A "Right to Work" law guarantees that no person can be compelled, as a condition of employment, to join or not to join, or to pay dues to a labor union. In other words, if you work in a Right to Work state, like Arizona, the employees form a union, you may not be fired if you decide not to join. Likewise, if you are a member of a union in a Right to Work state, and you decide to resign from the union, you may not be fired for that reason.
Here is how the State of Arizona defines "Right to Work" state:
Ariz. Const. art. XXVTitle 23. Labor Ariz.
Chapter 8. Labor Relations Article 1. Right to Work
ARTICLE 1. RIGHT TO WORK
No person shall be denied the opportunity to obtain or retain employment because of non-membership in a labor organization, nor shall the State or any subdivision thereof, or any corporation, individual or association of any kind enter into any agreement, written or oral, which excludes any person from employment or continuation of employment because of non-membership in a labor organization. (Addition approved election Nov. 5, 1946, eff. Nov. 25, 1946; amended November 30, 1982.)
Additional information can be viewed under ARS title 23-1301.
Facts About Right to Work:
1. If you work primarily in a Right to Work state you have the right to decline joining a union and you cannot be required to pay dues or an agency fee to the union unless you choose to join the union. This includes State or Local Government employees, Public School Teachers and College Professors.
2. If your employment takes place on Federal property, there may be an exception to number (1) above. This is a state specific issue.
3. All employees of the Federal Government, including Postal Service employees, by law are guaranteed the right to decline union membership. You cannot be required to pay dues or fees to a union, no matter where you work.
When employers and employees cross the line the "The Employment at Will" doctrine comes into play. "Employment at Will" means that employment is voluntary for both employees and employers. As an at-will employee, you may quit your job whenever and for whatever reason you want, usually without consequence. In turn, at-will employers may terminate you whenever and for whatever reason they want, usually without consequence. So any hiring that is presumed to be "at will"; that is, the employer is free to discharge individuals "for good cause, or bad cause, or no cause at all," and the employee is equally free to quit, strike, or otherwise cease work."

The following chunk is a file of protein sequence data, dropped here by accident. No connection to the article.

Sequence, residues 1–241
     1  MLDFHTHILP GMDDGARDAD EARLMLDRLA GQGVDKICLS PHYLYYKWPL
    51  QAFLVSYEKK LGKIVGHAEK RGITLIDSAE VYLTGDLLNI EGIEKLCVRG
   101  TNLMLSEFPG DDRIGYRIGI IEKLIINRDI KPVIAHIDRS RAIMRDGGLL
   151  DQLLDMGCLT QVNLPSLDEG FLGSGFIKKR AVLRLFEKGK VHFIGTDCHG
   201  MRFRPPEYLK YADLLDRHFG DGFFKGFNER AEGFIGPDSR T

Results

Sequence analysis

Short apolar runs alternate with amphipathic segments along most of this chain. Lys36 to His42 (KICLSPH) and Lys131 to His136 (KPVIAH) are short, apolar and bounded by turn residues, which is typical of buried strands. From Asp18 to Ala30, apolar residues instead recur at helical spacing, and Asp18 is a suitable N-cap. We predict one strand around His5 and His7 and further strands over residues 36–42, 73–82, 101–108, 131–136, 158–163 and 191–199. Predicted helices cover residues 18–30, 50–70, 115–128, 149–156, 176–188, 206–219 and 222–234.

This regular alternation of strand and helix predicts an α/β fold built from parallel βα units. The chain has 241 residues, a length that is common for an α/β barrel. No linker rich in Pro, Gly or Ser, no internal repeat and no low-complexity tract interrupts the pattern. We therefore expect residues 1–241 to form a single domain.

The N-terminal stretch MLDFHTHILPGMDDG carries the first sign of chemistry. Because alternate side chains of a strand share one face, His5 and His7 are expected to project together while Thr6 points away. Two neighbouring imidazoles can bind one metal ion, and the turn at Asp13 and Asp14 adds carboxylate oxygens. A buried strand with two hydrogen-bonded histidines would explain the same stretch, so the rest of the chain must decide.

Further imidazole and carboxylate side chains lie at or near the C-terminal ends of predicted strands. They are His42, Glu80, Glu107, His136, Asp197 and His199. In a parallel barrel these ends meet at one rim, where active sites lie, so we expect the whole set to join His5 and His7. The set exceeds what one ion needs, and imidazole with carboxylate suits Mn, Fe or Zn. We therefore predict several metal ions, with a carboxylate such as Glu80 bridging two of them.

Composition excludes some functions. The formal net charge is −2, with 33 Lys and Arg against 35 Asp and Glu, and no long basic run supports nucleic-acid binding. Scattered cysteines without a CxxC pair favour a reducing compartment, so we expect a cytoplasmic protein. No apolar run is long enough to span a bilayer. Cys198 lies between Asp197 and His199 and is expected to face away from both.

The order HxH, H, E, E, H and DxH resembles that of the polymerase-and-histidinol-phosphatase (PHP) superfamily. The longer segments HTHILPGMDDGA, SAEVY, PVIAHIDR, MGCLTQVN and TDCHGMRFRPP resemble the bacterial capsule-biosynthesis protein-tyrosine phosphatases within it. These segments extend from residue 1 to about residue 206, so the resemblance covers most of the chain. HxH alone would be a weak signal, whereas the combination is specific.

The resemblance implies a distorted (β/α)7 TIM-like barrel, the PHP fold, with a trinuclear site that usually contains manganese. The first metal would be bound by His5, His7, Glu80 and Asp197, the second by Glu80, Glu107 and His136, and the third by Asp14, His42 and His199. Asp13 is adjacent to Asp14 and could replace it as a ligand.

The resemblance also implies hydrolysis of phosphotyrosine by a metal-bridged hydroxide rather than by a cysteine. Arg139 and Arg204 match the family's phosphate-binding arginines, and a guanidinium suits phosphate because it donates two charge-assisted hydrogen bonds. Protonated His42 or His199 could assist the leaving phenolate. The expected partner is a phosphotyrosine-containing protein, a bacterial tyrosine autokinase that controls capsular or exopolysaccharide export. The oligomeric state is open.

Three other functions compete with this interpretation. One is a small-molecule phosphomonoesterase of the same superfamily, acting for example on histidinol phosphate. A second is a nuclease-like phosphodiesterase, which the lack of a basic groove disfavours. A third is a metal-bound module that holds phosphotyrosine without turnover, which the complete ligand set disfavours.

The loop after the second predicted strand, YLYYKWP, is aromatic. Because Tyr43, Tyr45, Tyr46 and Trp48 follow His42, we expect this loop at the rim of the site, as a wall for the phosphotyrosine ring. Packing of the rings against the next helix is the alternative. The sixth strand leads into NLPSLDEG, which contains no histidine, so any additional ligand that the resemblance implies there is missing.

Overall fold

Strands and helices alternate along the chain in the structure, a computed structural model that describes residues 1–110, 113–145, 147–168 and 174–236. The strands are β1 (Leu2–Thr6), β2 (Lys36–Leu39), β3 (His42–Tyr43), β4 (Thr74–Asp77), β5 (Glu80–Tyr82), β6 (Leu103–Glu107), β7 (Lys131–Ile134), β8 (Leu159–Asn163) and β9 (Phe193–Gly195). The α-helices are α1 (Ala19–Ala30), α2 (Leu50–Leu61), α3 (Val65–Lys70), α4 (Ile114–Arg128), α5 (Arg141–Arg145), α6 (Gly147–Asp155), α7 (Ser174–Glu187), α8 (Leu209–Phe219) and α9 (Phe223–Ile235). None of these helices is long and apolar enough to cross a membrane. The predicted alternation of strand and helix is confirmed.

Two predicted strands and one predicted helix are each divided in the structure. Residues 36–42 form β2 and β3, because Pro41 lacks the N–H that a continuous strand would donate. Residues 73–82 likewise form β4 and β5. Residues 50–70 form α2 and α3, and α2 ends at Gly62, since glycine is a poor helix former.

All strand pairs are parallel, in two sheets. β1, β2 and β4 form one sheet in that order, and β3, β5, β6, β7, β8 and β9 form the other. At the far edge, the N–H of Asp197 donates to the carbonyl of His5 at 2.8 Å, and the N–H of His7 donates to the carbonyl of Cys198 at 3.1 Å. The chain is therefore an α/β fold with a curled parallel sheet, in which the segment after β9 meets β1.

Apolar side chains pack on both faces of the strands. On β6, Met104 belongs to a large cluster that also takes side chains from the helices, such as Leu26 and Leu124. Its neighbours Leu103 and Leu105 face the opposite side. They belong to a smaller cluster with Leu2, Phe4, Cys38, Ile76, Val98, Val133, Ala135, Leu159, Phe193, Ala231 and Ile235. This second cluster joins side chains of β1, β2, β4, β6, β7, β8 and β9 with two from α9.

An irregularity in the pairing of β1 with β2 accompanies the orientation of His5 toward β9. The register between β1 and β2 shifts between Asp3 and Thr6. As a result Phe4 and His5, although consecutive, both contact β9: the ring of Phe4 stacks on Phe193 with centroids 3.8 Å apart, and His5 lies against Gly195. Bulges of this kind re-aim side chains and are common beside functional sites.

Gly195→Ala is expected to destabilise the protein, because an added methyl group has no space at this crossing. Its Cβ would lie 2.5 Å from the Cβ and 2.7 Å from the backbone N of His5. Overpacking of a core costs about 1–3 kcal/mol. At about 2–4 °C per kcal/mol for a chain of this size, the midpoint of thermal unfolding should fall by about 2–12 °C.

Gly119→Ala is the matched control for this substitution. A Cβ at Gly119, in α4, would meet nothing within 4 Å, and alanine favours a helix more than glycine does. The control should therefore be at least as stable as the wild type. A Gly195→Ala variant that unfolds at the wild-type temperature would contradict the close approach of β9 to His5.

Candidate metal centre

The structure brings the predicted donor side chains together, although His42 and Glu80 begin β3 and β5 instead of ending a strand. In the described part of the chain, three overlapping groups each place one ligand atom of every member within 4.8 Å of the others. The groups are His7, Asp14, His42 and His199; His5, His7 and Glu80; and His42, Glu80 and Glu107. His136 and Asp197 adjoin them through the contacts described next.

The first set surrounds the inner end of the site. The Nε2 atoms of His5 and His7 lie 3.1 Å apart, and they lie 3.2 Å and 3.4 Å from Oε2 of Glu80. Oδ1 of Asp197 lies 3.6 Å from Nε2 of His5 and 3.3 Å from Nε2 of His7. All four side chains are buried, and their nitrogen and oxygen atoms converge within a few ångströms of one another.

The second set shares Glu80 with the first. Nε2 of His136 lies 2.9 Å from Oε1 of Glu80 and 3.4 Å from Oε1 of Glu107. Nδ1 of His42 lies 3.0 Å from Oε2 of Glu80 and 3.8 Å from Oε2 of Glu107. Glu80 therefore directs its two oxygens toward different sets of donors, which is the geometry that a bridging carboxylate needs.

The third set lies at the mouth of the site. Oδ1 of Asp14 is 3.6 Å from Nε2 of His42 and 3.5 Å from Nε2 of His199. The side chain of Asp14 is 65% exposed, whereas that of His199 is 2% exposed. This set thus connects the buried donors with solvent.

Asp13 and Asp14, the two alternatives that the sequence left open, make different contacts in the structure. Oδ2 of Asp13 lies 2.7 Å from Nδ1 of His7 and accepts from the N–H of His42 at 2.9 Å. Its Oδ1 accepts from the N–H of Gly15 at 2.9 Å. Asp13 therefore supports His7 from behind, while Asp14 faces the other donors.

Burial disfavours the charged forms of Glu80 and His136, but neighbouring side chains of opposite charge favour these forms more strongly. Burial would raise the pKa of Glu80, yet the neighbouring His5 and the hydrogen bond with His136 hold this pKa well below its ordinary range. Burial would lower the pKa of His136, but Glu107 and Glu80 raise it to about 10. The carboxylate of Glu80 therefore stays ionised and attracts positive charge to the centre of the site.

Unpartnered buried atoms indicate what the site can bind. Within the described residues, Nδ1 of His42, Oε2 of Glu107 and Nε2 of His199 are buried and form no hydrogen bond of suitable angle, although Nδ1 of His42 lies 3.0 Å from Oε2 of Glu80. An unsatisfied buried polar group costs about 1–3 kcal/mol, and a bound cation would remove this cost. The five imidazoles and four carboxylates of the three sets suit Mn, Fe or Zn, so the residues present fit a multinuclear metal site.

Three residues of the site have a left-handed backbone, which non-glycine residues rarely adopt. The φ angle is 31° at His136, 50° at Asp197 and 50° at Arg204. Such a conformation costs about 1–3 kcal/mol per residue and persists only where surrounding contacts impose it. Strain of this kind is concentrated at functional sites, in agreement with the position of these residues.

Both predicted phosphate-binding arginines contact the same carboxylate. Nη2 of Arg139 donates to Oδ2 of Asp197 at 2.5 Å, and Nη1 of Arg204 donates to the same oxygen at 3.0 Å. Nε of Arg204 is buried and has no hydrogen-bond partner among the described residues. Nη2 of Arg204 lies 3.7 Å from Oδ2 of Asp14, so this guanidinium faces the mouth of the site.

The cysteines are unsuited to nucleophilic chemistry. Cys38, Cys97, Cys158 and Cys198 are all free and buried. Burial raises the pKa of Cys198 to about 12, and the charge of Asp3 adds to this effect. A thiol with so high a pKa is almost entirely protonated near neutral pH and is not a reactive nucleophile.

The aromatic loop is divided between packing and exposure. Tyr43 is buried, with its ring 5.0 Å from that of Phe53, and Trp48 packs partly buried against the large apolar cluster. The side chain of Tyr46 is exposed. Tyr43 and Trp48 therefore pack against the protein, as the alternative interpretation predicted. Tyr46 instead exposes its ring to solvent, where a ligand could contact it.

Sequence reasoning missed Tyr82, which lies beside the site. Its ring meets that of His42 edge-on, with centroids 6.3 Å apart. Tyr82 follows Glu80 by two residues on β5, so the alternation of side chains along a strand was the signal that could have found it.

As for downsizing , a company may terminate employees en masse. However, there are legal limitations upon the employer's ability to terminate without reason.
Several exceptions to the "Employment at Will" doctrine exist; especially if unlawful discrimination is involved and when the wrongful termination of an employee is suspected; then the employee's rights are protected against wrongful termination under the following Federal labor laws: Affirmative Action under Title VII, Age Discrimination in Employment Act of 1967 (amended by the Older Workers Benefit Protection Act of 1990), Americans with Disabilities Act of 1990, Bankruptcy Act, Civil Rights Act of 1964, Civil Rights Act of 1991, Equal Pay Act of 1963 (Part of the Fair Labor Standards Act, Genetic Information Nondiscrimination Act of 2008, Immigration Reform and Control Act of 1986, Lilly Ledbetter Fair Pay Act of 2009, Notification and Federal Employee Antidiscrimination and Retaliation Act of 2002 (nicknamed the No Fear Act), Older Workers' Benefits Protection Act of 1990 (Amended the Age Discrimination in Employment Act of 1967), Pregnancy Discrimination Act of 1978, Sexual Harassment in the Workplace (covered under sex discrimination under the Civil Rights Act of 1964), Uniformed Services Employment and Reemployment Rights Act, Vietnam Era Veterans' Readjustment Assistance Act of 1974, and Youth At Work.
Myth or Fact: An employer in a "Right to Work" state means they can terminate an employee for any reason without cause. Myth.
Myth or Fact: "Right to Work" state means that you can be fired from your job without explanation, and they are intimidated when an employer says "You work in a "Right to Work state", I can fire you for any reason!" Myth.
Myth or Fact: Do employer's use "Right to Work" to their benefit to intimidate their employees or to create a hostile work environment for their employees? Fact.
Myth or Fact: Your employer has the right to administer their own drug test, rather than through a verifiable independent agency, such as a hospital, medical clinic. Myth and Fact.
Myth or Fact: The employer can terminate any employee that take his/hers breaks and lunches, even if it disrupts production. Myth.